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Well, "Christianity On Trial" is so well-researched and well-written, that I ordered a copy from my local book store.

I also took a little break from that and read "My Dog Skip".

Now beginning "Little Dorrit" by Dickens. It's a little intimidating, as it's nearly 900 pages!
 
Posts: 3163 | Location: Box in Braling I's cellar | Registered: 02 July 2004Reply With QuoteReport This Post
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"Gulliver's Travels." Just started for the first time and expect to greatly enjoy it.
 
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Maybe we should take a lesson from the manner in which the Lilliputians selected their leaders!
 
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"Bit of pain in the gulliver, Mum. Leave us be and I'll try to sleep it off... then I'll be as right as dodgers for this after."

-Alex, from the script of "A Clockwork Orange"
 
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"Little Dorrit", so far, is really good - classic Dickens...
 
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Ah, "the Dickens, you say!!"

Here, reading some stories by Anton Chekhov. "The Bet" - classic!

http://chekhov2.tripod.com/
 
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Norman Mailer? Ugh. don't suffer the whole thing. The only Saint Exupery I read was The Little Prince. Love it. Have you read the C.S. Lewis trilogy that begins with Out of the Silent Planet? It's excellent.


Priory
 
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[QUOTE]Originally posted by rocket:
banned the book.

Rocket--That is a real inspiration in reading choice. I like Toni Morrison. We read Sula in college. I am working toward having my 8th graders read only banned works. I don't have the whole thing taped, yet.


Priory
 
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Thanks Priory and kudos to ya! I finished Another Roadside Attraction by Tom Robbins. It was a hard one to grasp at first with the outlandish characters and seemingly pointless plot but I stuck with it and I'm glad because I did end up enjoying it immensely. Several of my friends have at my exhortation started to read Stranger In A Strange Land by Heinlein so having not read it again is some years I decided to for the fifth or sixth time, why not, it's like seeing Shawshank with someone who has never watched it before. Its just like the first time in a way!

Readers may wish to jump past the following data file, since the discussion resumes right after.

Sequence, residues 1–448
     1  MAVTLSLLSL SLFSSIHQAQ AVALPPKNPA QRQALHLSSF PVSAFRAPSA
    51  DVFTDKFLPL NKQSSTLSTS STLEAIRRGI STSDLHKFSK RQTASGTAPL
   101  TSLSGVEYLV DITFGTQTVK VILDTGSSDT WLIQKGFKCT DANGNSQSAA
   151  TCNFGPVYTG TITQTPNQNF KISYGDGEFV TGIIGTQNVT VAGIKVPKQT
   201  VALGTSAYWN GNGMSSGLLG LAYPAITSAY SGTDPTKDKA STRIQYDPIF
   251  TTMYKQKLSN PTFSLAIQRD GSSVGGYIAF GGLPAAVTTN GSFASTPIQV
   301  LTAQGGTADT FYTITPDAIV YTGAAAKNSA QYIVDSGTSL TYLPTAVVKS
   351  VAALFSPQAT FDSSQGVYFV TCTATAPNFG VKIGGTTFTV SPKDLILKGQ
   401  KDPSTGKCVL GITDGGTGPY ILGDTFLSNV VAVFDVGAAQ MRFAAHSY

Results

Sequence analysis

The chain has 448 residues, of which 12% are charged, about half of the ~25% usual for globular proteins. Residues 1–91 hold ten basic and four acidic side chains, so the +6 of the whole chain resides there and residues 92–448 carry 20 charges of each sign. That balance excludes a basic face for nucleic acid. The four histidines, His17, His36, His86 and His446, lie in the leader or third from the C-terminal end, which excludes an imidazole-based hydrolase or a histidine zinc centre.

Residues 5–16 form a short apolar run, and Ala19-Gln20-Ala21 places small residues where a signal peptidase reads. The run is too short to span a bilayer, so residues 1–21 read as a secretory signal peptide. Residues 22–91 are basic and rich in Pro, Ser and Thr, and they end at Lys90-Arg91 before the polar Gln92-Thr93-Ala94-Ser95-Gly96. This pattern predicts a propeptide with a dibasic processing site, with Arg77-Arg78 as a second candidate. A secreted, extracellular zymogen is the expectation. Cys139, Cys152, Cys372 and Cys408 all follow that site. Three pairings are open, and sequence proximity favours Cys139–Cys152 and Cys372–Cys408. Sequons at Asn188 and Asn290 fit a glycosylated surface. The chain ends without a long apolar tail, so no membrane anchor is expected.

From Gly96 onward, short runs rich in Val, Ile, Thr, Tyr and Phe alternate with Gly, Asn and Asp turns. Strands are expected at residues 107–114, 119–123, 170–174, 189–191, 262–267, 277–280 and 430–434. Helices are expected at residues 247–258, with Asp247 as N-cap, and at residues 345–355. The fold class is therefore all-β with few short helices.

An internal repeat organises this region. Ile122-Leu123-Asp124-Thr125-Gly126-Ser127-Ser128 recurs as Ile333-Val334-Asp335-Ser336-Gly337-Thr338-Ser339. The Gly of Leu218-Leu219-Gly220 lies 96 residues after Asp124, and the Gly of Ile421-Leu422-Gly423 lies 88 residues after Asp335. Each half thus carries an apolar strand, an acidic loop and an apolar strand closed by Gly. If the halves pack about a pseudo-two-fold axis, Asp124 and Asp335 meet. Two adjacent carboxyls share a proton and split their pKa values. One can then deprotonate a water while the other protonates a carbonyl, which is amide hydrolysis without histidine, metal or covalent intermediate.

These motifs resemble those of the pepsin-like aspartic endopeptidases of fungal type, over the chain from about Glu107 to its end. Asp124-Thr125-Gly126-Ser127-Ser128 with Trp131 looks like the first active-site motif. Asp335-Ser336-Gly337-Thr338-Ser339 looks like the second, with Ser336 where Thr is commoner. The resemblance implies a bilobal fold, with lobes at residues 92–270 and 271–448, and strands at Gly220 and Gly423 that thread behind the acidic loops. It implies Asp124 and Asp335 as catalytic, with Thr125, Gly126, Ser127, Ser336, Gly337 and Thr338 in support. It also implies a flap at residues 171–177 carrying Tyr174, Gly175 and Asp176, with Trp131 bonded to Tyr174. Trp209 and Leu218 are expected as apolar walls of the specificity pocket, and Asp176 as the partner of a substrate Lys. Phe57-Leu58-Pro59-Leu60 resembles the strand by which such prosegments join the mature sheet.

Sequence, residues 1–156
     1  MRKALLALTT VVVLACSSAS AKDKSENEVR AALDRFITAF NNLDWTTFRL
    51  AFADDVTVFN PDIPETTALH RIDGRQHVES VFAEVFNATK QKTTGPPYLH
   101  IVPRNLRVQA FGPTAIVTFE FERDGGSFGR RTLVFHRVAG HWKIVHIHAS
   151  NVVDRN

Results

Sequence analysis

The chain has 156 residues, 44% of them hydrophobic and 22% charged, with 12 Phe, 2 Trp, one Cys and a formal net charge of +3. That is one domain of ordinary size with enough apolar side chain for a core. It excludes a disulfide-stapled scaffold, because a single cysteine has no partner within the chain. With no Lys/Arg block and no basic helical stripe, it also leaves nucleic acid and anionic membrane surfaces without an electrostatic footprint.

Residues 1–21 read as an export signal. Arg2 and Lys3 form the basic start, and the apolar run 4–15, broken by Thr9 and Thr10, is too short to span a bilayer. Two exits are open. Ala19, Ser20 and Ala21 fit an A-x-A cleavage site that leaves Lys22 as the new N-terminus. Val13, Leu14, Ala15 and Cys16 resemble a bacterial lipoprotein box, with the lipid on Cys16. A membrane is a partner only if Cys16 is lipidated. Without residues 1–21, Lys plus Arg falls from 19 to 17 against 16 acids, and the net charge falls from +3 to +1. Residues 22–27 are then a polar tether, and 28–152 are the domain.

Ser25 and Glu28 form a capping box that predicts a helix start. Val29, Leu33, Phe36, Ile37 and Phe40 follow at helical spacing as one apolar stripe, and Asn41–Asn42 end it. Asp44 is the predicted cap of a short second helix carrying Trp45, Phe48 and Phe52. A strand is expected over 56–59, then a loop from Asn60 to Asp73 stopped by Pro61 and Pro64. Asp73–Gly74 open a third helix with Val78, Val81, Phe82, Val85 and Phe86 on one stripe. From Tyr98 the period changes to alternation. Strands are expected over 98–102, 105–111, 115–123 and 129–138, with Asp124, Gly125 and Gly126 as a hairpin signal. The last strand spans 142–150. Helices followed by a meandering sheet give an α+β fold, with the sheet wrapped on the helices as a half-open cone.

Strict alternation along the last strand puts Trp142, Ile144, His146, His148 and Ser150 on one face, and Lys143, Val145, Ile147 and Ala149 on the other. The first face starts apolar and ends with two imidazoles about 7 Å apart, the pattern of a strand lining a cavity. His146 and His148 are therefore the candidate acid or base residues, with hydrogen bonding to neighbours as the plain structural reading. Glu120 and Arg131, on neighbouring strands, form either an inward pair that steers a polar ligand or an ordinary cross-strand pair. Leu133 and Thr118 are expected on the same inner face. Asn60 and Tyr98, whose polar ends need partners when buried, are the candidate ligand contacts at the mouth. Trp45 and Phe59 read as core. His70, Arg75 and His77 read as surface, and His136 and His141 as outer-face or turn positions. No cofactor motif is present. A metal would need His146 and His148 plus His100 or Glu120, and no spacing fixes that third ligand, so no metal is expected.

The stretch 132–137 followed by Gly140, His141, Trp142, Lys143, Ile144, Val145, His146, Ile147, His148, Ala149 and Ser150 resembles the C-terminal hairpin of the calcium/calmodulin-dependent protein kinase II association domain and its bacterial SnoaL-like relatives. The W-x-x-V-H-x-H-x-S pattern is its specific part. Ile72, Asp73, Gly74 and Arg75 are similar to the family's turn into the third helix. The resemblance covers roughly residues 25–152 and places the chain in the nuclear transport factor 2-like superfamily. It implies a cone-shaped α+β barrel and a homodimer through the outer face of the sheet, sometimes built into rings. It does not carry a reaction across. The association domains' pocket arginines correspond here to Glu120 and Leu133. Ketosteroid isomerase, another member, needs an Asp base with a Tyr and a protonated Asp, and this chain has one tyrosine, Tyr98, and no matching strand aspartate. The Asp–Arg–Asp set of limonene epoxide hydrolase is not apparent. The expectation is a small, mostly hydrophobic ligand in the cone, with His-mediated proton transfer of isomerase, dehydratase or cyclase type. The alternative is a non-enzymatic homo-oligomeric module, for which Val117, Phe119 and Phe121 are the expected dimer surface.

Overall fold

She stood silently looking out into the great sallow distances of sea bottom, as if recalling something, her yellow eyes soft and moist...

rocketsummer@insightbb.com
 
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Priory, Yes, the Lewis trilogy is great. The last book, "That Hideous Strength", is my favourite, though it's quite disturbing - especially as our society is heading in the direction described therein.

Have you read "The Great Divorce"?

Well, back to "Little Dorrit"; nearly done with Book One!
 
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About halfway into Book II of "Little Dorrit" and enjoying it greatly.

I've also started "The Far Out Story Of Vortex I", because I was there!
 
Posts: 3163 | Location: Box in Braling I's cellar | Registered: 02 July 2004Reply With QuoteReport This Post
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Hi, Braling, Braling here.
We finally finished "Little Dorrit" this weekend, and really enjoyed it, didn't we?
Yes, indeed we did. Great characters, atmosphere, and plot. I'd go so far as to call it "Dickensian", wouldn't you, Braling? My thoughts, exactly, Braling.

(Didn't there used to be others reading things and talking about them on this thread?)

This message has been edited. Last edited by: Braling II,
 
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quote:
Originally posted by Braling II:
...I'd go so far as to call it "Dikensian", wouldn't you, Braling? ...


I would have said "Dickensian" myself, but then I'm British...


- Phil

Deputy Moderator | Visit my Bradbury website: www.bradburymedia.co.uk | Visit the Center for RB Studies: www.tinyurl.com/RBCenter
 
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quote:
Originally posted by Braling II:
...I'd go so far as to call it "Dikensian", wouldn't you, Braling? My thoughts, exactly, Braling...


Braling II, I thought you and Braling didn't see eye-to-eye. Not after that messy business involving Mrs Braling.


- Phil

Deputy Moderator | Visit my Bradbury website: www.bradburymedia.co.uk | Visit the Center for RB Studies: www.tinyurl.com/RBCenter
 
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It's been a very long time since I read any fiction (unless you count screenplays, which I often read for fun and profit), but this weekend I unpacked a load of books which have been in storage for several years. In amongst them is my collection of Theodore Sturgeon books.

As it was good weather, I sat outdoors reading "The Golden Helix" (a remarkable long short story, a science fiction tale about adaptation and evolution) and "The Man Who Lost The Sea" (a beautiful piece about the first Mars landing).

I gather that Sturgeon suffered from terrible writer's block for prolonged periods. But when he broke through that block he was a terrific writer. His work deserves to be much better known. None of his styles is particularly similar to Bradbury, but like Bradbury he is a stylist. If you haven't tried him: try him!


- Phil

Deputy Moderator | Visit my Bradbury website: www.bradburymedia.co.uk | Visit the Center for RB Studies: www.tinyurl.com/RBCenter
 
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